The irony is that rather than help Scotland to a major finals, this sequence of results – one in particular, against Bulgaria – only secured another country’s qualification.
Steve Clarke played the night Republic of Ireland qualified for the 1988 European Championships – their first-ever major finals – under Jack Charlton. It was a watershed moment in their history and reputedly secured Gary Mackay, the scorer of Scotland’s winner that night in Sofia, a crate of Guinness.
Clarke won’t want any team other than Scotland to profit this time around. He is desperate for something tangible to be gained from the current good form, specifically a place at next summer’s Euro finals. Promotion to League A of the Nations League and a play-off opportunity for the World Cup in Qatar is also at stake, as well as the associated seeding spin-off.
Clarke made his international debut in the September 1987 victory over Hungary that started Scotland’s last unbeaten run of eight matches. Gordon Strachan played that night while Alex McLeish was alongside Clarke in defence for the 1-0 win in Bulgaria. Both have since had a turn – in McLeish’s case, two turns – at trying to get Scotland back to a major finals, and both, while coming close, fell short.
Strachan got within 45 minutes of a play-off. McLeish came within 90 minutes of actual qualification and then, in a less successful second spell in spell, still managed to secure the play-off place from which the Scots might yet clinch something they so desperately desire. Amid the current excitement ahead of next month’s play-off final against Serbia, Clarke has been careful to make mention of McLeish’s contribution. He was also happy to hear the part he played in Scotland's last eight-match unbeaten run had been discovered.
“I knew somebody would find that stat eventually!” he said. “I was actually involved in five out of the eight games on that run. There are a couple of dodgy draws in there against Saudi Arabia and Malta but for me it was a proud moment to make my debut in a 2-0 victory against Hungary, a 2-0 victory in the next match against Belgium and then an away win in Bulgaria which allowed the Republic of Ireland to qualify for the finals.
“It was nice to be involved in that run as a player but it is nicer to be involved in this run as the head coach,” he added.
Despite his lucky mascot status, Clarke was jettisoned from the team and then, particularly painfully, from the final squad for the 1990 World Cup finals having been included in the original party at the start of the year.
He played only once more – coming into the side for a 3-1 defeat against the Netherlands at the end of the 1993/94 season and more than six years after his last cap. He was 31.
It might be one reason why he seems so open to recruiting those perceived by some to have missed the international boat, if they were ever good enough to be considered international class in the first place. In the cases of Andrew Considine, Declan Gallagher and Paul Hanlon, the answer from the majority of fans would be probably not.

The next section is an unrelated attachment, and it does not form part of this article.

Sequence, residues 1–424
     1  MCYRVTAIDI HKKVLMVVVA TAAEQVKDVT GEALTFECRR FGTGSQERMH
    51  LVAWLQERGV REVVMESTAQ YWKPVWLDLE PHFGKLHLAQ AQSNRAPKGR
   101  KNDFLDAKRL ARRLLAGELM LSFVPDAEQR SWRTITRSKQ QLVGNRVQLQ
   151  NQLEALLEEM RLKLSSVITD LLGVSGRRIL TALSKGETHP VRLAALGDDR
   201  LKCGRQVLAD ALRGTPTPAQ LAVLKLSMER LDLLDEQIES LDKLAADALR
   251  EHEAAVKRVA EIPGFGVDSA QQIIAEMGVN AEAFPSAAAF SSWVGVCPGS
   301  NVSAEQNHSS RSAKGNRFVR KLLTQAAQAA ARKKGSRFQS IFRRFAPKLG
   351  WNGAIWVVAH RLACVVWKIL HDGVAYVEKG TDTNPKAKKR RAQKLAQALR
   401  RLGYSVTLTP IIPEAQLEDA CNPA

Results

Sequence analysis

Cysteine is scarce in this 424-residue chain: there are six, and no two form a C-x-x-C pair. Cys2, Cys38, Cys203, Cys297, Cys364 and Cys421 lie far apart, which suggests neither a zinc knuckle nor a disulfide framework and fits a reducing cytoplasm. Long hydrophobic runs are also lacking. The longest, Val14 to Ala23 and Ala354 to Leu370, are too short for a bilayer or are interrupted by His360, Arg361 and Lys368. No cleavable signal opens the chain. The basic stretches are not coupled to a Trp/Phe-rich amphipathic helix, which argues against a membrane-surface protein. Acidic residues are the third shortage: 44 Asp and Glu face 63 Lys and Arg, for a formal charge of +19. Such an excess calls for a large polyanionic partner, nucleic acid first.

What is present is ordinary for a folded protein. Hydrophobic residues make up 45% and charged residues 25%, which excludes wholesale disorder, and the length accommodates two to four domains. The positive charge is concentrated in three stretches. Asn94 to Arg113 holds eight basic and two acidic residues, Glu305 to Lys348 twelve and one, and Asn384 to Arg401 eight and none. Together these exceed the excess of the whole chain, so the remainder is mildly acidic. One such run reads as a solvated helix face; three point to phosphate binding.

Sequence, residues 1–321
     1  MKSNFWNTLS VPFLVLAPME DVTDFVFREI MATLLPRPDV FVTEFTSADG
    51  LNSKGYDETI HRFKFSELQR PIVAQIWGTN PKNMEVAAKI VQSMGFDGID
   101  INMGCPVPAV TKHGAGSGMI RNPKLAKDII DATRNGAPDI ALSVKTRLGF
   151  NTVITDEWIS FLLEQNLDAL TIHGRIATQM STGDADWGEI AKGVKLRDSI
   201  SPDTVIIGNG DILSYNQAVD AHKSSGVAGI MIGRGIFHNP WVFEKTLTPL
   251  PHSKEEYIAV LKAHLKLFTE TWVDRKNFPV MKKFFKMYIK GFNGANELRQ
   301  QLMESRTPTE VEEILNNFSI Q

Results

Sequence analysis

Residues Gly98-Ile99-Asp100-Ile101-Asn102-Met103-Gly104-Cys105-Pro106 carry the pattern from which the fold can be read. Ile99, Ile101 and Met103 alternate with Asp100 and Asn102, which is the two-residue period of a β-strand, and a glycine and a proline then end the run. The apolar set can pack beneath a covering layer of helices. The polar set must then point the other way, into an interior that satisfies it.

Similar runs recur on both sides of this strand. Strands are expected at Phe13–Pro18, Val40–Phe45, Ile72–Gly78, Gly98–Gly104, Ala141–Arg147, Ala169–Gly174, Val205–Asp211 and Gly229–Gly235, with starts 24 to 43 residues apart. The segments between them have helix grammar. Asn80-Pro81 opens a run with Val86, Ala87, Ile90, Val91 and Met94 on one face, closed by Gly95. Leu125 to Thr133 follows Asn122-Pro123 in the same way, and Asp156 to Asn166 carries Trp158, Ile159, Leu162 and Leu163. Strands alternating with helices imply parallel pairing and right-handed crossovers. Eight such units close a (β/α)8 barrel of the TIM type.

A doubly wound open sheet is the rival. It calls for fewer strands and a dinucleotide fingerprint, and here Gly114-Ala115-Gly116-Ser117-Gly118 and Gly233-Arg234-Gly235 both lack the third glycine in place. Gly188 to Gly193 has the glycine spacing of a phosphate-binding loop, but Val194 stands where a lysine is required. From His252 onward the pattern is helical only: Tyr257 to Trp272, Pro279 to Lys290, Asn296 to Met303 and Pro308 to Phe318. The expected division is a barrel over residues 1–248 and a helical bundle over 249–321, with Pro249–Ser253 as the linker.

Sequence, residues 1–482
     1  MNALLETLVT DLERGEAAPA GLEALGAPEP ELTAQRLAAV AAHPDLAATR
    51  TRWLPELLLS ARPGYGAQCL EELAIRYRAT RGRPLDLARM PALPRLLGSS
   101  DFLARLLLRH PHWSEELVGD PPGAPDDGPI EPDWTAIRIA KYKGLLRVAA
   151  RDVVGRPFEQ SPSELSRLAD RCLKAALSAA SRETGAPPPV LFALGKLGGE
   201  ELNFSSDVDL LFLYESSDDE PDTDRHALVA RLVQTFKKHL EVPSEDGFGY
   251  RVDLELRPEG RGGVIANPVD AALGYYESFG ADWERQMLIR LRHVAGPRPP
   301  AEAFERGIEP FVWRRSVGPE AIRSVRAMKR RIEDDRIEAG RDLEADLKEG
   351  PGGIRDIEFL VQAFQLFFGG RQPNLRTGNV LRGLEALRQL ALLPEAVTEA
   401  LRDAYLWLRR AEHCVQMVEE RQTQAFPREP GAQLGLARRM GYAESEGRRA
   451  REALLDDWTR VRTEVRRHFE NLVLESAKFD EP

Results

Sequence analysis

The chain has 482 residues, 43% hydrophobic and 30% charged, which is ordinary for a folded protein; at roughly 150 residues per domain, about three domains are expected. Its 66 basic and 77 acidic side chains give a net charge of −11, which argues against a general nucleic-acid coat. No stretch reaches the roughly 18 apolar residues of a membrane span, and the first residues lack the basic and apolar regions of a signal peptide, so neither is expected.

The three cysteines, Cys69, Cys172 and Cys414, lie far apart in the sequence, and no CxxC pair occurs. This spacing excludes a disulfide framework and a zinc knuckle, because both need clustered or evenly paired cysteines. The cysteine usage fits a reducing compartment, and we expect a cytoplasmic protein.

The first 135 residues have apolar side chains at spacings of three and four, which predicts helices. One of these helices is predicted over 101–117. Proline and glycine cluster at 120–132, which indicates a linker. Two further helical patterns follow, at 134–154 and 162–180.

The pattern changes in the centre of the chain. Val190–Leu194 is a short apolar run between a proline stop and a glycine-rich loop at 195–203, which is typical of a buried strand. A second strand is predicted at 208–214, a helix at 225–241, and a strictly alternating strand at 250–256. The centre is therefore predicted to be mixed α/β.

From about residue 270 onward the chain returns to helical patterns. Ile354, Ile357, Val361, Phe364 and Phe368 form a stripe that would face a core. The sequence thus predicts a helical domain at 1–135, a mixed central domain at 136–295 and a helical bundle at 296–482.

Think back to Friday, before Considine became an established international player. What were you doing, what were your hopes for the coming days? Considine had been called up as cover after Liam Cooper dropped out with injury. “Out of the blue,” is how he described it. He wasn’t expecting to play.
Seven days later, he has two caps for his country. He was involved in each of the 180 plus minutes, fraught last moments against Czech Republic included. Scotland posted two clean sheets. He has proved pretty much flawless.
The 33-year-old can now expect to be included in next month’s squad for the away triple-header against Serbia, Slovakia and Israel. In fact, he is entitled to be disappointed if he’s not in the team.
“I asked them to make it difficult for me and they have done that,” said Clarke. “Andy Considine on Saturday didn’t have a cap, now he has two caps and two clean sheets. Paul Hanlon at 31, sat out the Hibs game at the weekend with a niggle and now he has a cap.
“He has waited a long time for that and moments like that are really important," he added. "We presented the first caps to all the boys that have earned them recently and for Lyndon (Dykes), Andy and Paul, it is particularly poignant.”
No one seems indispensable now. Even Andy Robertson, the skipper and highest-profile player, was not missed against Czech Republic. Similarly, the question is not where Kieran Tierney should play, but whether he should be brought back in at all.
That’s for Clarke to consider in the coming weeks. He will probably name his squad in the first week of November. It’s not far away, which, given Scotland’s current momentum, should please Clarke. In the first instance he intends to have a short, deserved break.
“I am going to have two or three days to go away and relax and chill out, nothing too much about Covid and bubbles!” he said. “I will chill out for a few days and then full speed ahead for the analysis on Serbia and make sure we get the tactics, squad selection and team selection right.
“Hopefully at the end of the three matches we are still smiling.”